I often joke that my toddlers are my boss, but really it’s very true, and, sometimes, I have to use workplace tricks to get anything done at all. Common phrases in my house include, “I’ll do that right now,” and “Yes, yes, right now, yes, in a minute, yes, of course.” I’m pretty sure I used those daily in the workplace, and I’m pretty sure they meant the same thing they do now – “No, I’ll get to it later,” and “I forgot, but I’m babbling at you while I get my stuff together so it looks like I was on top of it all along.”
One of the key transferable skills is making the boss think it was their idea. Whatever it is, it was their idea. At work, if I came up with a new scheme to intermingle web promotion with video, the only way I could pass it through the big guy was to hint around it during a meeting, wait until he said it, and congratulate him on his wonderful cutting-edge idea. Dirty trick? Maybe. But you do what you have to do.
Last week, I needed to go to the Walgreens. We don’t have a car during the day and a trip to the Walgreens requires a mile-long hike with a double stroller. It is impossible to accomplish with two screaming writhing children such as I had at the time. They were tantruming, of course, because by now they’ve figured out that a mile walk while strapped into a stroller is much more boring than a freedom jaunt outside in the back where they can run and play.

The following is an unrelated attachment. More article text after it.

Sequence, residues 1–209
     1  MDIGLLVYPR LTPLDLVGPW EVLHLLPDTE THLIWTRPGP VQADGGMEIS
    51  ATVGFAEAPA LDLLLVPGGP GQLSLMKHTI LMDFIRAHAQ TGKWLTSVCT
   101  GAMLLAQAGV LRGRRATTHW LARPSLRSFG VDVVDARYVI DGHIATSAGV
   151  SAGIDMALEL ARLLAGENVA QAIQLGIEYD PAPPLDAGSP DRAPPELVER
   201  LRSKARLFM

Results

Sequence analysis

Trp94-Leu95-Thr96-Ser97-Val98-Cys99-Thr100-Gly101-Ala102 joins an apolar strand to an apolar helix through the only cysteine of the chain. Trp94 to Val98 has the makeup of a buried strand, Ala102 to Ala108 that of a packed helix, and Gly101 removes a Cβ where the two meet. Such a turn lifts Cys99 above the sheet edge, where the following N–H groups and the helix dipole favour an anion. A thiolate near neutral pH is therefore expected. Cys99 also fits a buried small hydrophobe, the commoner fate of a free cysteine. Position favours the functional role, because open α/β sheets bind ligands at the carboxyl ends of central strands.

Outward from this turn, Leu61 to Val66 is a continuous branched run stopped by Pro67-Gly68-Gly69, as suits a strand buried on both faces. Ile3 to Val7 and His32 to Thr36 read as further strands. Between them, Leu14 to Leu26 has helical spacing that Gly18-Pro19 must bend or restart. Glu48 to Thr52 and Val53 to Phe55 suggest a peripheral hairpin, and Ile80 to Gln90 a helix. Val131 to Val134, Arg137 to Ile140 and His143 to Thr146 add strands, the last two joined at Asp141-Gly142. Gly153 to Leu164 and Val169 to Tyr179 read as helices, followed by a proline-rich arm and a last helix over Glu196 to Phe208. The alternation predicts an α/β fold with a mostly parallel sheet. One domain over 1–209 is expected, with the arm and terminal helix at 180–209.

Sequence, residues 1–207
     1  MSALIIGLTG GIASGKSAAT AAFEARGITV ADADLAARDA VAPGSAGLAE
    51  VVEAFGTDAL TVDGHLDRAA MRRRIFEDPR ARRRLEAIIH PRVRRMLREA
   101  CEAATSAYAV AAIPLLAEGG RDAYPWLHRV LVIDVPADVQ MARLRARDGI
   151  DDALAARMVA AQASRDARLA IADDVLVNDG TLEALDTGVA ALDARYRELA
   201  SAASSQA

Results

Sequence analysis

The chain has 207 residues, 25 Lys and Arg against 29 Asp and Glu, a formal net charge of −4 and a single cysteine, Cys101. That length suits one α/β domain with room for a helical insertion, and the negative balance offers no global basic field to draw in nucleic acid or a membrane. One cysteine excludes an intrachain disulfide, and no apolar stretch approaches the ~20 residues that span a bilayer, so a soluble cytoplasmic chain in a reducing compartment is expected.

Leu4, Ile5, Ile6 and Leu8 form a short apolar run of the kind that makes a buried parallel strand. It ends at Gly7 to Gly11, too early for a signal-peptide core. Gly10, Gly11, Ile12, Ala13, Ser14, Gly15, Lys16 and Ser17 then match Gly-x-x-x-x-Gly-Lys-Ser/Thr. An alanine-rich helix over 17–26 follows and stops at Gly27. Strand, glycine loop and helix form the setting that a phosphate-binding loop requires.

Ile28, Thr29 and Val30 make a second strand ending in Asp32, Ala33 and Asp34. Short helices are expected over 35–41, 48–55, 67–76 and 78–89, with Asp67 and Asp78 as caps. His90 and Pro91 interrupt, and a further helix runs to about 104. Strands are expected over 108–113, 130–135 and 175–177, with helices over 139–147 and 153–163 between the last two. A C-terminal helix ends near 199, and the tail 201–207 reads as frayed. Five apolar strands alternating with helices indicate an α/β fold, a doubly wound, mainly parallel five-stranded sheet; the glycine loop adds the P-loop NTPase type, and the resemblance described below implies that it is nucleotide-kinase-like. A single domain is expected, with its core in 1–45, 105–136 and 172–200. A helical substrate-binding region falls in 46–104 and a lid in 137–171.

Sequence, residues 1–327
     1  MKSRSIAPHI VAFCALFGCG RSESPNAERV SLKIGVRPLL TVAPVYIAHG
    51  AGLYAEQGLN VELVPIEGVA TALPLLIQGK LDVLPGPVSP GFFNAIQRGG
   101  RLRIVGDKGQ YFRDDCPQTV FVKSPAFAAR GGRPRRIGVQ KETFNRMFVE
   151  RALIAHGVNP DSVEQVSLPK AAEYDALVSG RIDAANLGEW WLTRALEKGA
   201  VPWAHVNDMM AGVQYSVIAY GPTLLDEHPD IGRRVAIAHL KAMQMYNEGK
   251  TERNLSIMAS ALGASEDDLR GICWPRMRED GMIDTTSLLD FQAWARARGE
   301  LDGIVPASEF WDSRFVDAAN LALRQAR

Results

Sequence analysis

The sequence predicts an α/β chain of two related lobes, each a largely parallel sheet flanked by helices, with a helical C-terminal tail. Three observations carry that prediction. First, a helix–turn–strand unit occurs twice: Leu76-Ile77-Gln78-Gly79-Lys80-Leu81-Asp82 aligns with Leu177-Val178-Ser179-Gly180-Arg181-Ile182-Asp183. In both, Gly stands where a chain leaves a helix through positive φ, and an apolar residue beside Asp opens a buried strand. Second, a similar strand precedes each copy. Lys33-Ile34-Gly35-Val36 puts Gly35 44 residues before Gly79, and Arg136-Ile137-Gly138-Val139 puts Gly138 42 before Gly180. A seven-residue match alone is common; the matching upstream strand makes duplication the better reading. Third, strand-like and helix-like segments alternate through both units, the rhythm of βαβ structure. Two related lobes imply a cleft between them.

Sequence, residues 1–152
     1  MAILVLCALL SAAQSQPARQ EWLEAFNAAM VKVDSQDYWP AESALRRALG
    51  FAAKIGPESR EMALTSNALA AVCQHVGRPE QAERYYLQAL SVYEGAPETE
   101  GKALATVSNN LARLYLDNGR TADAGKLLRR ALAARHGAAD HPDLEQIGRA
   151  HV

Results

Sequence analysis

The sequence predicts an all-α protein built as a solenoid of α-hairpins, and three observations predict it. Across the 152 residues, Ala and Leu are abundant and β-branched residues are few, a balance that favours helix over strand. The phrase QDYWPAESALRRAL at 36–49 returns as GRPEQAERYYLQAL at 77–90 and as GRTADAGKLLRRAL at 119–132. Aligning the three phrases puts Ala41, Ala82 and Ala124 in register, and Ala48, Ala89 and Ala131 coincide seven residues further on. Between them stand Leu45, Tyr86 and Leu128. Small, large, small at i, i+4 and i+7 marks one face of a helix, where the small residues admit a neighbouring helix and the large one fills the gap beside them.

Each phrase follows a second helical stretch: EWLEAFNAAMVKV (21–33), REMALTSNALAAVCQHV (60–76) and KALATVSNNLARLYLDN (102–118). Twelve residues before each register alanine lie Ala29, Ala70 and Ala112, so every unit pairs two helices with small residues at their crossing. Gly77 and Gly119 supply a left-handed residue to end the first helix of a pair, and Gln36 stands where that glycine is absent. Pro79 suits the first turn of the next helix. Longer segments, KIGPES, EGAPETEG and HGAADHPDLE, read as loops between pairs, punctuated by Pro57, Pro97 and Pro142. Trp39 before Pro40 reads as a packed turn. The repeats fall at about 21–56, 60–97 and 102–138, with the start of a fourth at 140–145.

I tried force first because they do usually like going on walks, and I thought maybe once they were in their stroller seats they’d calm down and get the idea. Nothing doing. Then I tried giving them hats. That usually works, but by this point, they were too wound up to care about even their most favorite accessory. Somehow I was able to convince them to get into their seat, but they both had their loveys with them, and loveys do not leave the house in this family. Just as I solved one problem, another problem emerged. They would not let me take their loveys. I waited. And waited. And waited. Alas, they were perfectly content to wait me out, sitting smugly in their stroller, hugging their beloved blankie and bear. I went out of sight. It didn’t fool them. I went outside in front of them and shut the door. All that did was make them cry and cling to their loveys even harder. I was at a complete loss and running out of pre-naptime minutes.
Suddenly an idea.
“Boy, I know you two really want to go on this walk, and I’m so sorry I can’t take you with the blankie and bear. What can we do about this?”
“It was such a good idea you had to go on this walk. Mommy is so excited to take you. But bear and blankie are so tired. So very very tired.”
A pause. Then a question. “Nigh nigh?”
“Oh, that’s a great idea! Would you like me to unstrap you so you can put blankie and bear down for nigh nigh?”
And I unstrapped them and off they went into the bedroom, proudly placing their loveys in bed and giving them kisses. I didn’t have to worry about getting them back in the stroller because now that the walk was their idea, it had turned into a goal, and now that they had taken steps to accomplish that goal, they were willing to go the rest of the way.
Dirty trick? Maybe. But you do what you have to do.